‘Calling for increasing civilian power is calling for a civil war’

Since my arrival in Lod three months ago, I’ve experienced the reality of crime and violence, involving the rising use of firearms, as a parallel reality 

I learned how to differentiate gunshots from fireworks, and how to stay decisively uninvolved from the shady things happening in the streets of Lod.  This is not the nationalistically driven violence that was witnessed in May last year, but almost exclusively concerns Arab society. 

The last year 126 Arab Israelis were murdered. The media frequently reports about killings associated with internal feuds between Arab crime families: Just in mid December, a bus driver was shot dead on his way to work in Lod. The new year began with Lod resident Hussein Issawi being shot on January 06. 

Illegal gun use is rising within Arab society, as does their sense of insecurity: The Abraham Initiative’s 2020 Survey on Personal Security of Arab Society in Mixed Cities revealed that the percentage of Arab residents of mixed cities experiencing a sense of lack of personal security (60.8%) is much larger than that of Jewish residents (27.5%), and that 83.8% of Arabs in the mixed cities are specifically worried about  gunfire and use of firearms. The reaction to these developments from Jewish society is a rising demand for legal gun possession.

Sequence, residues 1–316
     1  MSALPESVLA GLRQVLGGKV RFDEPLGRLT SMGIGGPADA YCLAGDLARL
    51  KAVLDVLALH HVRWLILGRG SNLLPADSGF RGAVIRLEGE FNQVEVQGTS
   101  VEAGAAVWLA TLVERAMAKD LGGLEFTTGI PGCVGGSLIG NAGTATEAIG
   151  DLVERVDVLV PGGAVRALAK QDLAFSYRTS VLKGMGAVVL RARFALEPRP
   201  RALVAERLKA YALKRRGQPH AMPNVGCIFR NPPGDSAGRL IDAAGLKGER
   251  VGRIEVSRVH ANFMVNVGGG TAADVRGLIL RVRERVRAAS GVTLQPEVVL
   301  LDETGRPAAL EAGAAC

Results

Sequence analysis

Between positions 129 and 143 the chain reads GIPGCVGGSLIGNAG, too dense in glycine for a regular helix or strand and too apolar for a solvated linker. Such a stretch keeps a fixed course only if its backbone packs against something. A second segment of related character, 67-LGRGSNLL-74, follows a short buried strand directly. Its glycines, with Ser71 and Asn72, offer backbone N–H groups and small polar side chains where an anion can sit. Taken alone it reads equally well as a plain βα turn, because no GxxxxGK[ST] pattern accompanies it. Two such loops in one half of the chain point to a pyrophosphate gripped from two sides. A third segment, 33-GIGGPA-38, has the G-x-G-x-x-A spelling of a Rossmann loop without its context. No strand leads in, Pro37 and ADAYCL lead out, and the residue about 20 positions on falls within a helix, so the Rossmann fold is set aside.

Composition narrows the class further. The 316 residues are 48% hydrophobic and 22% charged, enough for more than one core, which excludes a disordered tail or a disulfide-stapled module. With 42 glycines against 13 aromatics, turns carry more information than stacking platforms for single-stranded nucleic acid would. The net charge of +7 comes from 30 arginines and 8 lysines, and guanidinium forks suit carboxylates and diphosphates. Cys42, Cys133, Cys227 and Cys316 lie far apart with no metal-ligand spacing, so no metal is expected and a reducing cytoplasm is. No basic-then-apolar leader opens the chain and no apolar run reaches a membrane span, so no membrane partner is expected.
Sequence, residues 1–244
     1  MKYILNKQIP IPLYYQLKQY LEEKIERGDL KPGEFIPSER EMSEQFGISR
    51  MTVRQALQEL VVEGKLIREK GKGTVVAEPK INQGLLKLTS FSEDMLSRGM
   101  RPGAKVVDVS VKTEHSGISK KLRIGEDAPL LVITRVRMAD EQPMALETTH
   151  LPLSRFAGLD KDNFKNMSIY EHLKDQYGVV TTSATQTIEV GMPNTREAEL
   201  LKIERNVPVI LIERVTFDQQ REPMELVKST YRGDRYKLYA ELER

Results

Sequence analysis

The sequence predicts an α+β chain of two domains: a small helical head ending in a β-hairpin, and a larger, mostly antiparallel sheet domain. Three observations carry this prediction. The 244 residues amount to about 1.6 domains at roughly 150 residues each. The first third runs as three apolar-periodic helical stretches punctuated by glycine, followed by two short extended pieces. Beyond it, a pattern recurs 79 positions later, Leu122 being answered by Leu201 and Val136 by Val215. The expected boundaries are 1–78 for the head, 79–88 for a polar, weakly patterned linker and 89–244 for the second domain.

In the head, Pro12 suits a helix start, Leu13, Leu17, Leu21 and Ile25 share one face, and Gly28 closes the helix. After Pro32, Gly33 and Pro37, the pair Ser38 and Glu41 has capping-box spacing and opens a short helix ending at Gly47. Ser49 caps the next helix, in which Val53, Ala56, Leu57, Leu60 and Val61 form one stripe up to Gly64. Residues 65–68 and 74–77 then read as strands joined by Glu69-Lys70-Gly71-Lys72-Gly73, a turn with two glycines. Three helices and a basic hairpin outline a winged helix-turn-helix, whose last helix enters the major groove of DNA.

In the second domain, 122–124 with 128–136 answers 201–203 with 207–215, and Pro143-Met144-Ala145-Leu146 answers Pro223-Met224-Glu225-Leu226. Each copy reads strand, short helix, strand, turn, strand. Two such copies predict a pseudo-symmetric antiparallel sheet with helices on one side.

Approaches for providing safety and protection of Israel’s citizens clashed in the Knesset on December 13, 2021. In this discussion, MK Itamar Ben Gvir (Otzma Yehudit) and other Knesset members of the center and right promoted easier access to gun licenses for the Jewish population as the best approach for self-defense. Amnon Be’eri-Sulitzeanu, co-CEO of the Abraham Initiatives, presented a significant argument within the debate about civilian gun possession and civil security. 

He drew  attention to the fact that arming civilians removes the responsibility of protection from those authorized to carry it out-the police. As a counter approach to the proliferation of firearms among  civilians, he proposed the distribution of police in contact points where Jewish-Arab flare-ups occur as  a way to  neutralize these points of friction. 

The government is starting to take the right steps to address this crime. In November 2021 the government allocated 2.4 billion shekels as part of a national five-year plan to combat crime and violence in Arab society. However, It is clear that proliferating legal gun possession among Jewish residents doesn’t serve the five-year plan’s purpose to ensure the safety and security of Israel’s citizens. 

About the Author
Julia graduated from the University of Vienna, Austria in 2021, where she studied Science of Education. She immersed into Israeli culture through volunteering in a variety of places. The last year she spent on qualitative research regarding educational transitions of Israeli youth between High School and professional career. Currently she volunteers in schools and the community theatre in Lod and interns at the Abraham Initiatives
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